quiet should be re-established in North Missouri. Neither the condition of the people nor the experience of the past month can fairly justify a departure from the policy which already has greatly reduced the extent and character of the disturbances in North Missouri, yet it is hoped that this cordial assent to the suggestions and the warmly expressed opinions of the executive and many of the most prominent citizens of the State will be received by the people in the spirit in which it is accorded and that the hopes of peace and quiet which these gentlemen base upon it will not be disappointed. It is proper, however, to warn the people of North Missouri and of the entire military district over which the commanding general in North Missouri has control that any abuse of this leniency will be instantly followed by results far more severe and difficult to bear than any which are now objected to.
By order of General Poper:
Acting Assistant Adjutant-General.
HEADQUARTERS WESTERN DEPARTMENT,
Saint Louis, August 30, 1861. *
Circumstances in my judgment are of sufficient urgency to render it necessary that the commanding general of this department should assume the administrative powers of the State. Its disorganized condition, helplessness of civil authority, and the total insecurity of life and devastation of property by bands of murderers and marauders who infest nearly every county in the State and avail themselves of public misfortunes in the vicinity of a hostile force to gratify private and neighborhood vengeance and who find an enemy wherever they find plunder finally demand the severest measures to repress the daily increasing crimes and outrages which are driving off the inhabitants and ruining the State.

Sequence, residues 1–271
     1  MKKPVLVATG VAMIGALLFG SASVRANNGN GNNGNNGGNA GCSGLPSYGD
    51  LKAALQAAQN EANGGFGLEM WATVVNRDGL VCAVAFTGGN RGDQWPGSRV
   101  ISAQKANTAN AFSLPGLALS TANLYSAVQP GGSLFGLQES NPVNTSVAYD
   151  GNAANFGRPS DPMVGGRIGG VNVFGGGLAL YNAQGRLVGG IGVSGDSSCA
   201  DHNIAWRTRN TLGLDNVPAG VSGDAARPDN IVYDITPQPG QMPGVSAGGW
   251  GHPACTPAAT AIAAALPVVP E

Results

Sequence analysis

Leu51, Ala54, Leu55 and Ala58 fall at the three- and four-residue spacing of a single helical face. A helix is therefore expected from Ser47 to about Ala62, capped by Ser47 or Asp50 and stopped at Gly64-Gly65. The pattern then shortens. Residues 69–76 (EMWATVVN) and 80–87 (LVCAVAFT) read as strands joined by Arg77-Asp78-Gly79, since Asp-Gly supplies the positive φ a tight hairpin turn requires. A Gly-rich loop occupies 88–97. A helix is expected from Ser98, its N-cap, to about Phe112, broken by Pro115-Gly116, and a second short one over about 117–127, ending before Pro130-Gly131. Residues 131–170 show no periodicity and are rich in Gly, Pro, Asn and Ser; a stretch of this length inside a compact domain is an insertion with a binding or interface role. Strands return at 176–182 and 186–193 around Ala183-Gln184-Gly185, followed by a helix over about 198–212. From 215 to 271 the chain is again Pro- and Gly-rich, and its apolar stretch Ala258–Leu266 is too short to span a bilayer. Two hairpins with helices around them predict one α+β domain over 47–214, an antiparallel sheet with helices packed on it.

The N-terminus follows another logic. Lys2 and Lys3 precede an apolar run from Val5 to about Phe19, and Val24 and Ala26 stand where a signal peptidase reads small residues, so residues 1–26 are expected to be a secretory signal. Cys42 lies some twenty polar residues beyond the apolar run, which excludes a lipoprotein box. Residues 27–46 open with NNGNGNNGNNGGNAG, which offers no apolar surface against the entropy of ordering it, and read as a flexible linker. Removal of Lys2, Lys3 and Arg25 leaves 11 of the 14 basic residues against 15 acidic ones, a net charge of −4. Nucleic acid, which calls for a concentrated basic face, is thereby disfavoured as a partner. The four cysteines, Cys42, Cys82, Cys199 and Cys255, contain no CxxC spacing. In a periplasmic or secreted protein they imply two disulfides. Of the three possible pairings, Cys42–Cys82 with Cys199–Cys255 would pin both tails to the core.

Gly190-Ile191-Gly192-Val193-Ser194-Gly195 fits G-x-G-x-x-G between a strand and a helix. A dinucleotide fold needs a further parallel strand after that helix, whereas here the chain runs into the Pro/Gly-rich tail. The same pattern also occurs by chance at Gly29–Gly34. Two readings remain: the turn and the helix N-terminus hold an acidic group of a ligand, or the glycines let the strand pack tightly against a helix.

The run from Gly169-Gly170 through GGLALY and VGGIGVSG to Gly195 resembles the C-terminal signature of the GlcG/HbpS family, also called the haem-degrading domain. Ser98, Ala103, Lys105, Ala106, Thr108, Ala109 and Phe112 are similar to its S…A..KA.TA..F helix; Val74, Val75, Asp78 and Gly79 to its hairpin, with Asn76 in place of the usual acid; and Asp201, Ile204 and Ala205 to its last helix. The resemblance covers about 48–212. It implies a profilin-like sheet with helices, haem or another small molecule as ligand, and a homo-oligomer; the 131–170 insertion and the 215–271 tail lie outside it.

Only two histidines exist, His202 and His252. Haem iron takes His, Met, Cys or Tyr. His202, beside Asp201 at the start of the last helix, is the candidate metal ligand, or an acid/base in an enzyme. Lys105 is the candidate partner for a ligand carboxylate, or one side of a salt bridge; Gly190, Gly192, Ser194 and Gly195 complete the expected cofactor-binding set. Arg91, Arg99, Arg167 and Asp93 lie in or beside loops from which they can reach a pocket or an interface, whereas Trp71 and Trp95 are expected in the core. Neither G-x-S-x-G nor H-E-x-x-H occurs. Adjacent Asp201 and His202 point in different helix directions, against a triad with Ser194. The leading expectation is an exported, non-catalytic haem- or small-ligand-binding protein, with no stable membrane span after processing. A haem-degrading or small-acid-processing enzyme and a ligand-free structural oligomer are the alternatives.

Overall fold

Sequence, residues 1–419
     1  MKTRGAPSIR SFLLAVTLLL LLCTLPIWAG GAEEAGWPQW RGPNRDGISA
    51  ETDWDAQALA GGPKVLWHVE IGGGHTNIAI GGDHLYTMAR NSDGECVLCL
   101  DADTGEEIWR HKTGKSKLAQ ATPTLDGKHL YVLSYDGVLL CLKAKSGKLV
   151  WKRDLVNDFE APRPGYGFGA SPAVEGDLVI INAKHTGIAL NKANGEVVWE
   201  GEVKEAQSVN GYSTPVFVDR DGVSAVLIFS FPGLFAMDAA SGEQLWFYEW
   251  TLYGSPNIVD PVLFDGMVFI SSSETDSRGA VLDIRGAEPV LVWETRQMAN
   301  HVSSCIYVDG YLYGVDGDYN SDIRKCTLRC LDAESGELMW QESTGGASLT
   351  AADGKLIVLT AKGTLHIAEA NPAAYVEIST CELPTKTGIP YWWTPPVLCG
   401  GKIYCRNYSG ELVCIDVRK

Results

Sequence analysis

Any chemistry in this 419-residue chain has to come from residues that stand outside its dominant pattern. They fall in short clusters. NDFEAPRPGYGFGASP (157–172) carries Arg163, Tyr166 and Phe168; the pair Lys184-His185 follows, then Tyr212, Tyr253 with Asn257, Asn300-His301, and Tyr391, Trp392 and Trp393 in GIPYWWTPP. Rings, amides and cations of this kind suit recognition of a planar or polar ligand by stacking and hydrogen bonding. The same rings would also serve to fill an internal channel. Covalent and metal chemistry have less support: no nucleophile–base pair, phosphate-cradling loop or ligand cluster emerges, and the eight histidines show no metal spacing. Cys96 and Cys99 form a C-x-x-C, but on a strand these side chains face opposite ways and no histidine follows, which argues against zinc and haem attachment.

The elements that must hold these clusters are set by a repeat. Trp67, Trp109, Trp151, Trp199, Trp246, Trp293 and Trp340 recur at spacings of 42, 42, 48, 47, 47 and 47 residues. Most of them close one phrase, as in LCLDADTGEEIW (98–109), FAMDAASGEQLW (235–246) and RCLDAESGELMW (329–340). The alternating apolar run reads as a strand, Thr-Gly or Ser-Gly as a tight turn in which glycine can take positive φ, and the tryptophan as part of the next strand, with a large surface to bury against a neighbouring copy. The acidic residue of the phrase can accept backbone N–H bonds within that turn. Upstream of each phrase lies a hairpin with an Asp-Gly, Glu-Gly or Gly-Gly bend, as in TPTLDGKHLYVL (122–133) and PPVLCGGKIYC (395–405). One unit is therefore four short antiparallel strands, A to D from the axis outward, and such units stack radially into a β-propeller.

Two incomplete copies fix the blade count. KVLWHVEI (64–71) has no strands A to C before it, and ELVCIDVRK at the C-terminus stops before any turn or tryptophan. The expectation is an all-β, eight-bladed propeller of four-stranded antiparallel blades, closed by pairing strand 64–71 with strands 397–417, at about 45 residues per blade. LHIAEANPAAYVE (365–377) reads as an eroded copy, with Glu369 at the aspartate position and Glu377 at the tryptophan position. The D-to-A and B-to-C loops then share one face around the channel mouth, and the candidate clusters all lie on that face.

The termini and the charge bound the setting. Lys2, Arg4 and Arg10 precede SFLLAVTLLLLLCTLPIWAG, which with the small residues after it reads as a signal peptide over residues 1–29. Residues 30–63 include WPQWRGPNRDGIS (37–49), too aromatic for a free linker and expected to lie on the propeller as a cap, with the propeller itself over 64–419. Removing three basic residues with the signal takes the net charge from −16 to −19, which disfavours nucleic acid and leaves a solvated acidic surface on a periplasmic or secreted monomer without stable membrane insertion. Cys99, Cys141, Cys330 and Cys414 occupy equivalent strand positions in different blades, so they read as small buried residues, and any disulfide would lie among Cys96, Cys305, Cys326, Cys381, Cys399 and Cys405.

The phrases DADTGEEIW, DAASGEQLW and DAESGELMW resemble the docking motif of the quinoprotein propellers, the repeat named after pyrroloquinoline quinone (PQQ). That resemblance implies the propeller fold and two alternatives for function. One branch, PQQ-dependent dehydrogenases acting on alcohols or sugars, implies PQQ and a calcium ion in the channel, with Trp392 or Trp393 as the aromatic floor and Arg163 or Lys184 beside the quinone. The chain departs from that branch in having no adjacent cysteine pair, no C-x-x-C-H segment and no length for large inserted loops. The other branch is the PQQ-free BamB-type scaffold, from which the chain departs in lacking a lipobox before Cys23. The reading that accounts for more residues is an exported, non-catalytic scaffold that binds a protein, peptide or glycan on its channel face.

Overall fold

In this condition the public safety and success of our arms require unity of purpose without let or hindrance to the prompt administration of affairs. In order therefore to suppress disorders, maintain the public peace and give security to the persons and property of loyal citizens I do hereby extend and declare established martial law throughout the State of Missouri. The lines of the army occupation in this State are for the present declared to extend from Leavenworth by way of posts of Jefferson City, Rolla and Ironton to Cape Girardeau on the Mississippi River. All persons who shall be taken with arms in their hands within these lines shall be tried by court-martial and if found guilty will be shot. Real and personal property of those who shall take up arms against the United States or who shall be directly proven to have taken an active part with their enemies in the field is declared confiscated to public use and their slaves if any they have are hereby declared free men.
All persons who shall be proven to have destroyed after the publication of this order railroad tracks, bridges or telegraph lines shall suffer the extreme penalty of the law. All persons engaged in treasonable correspondence, in giving or procuring aid to the enemy, in
*See M. Jeff. Thompson's retaliatory proclamation, September 2, at p. 181.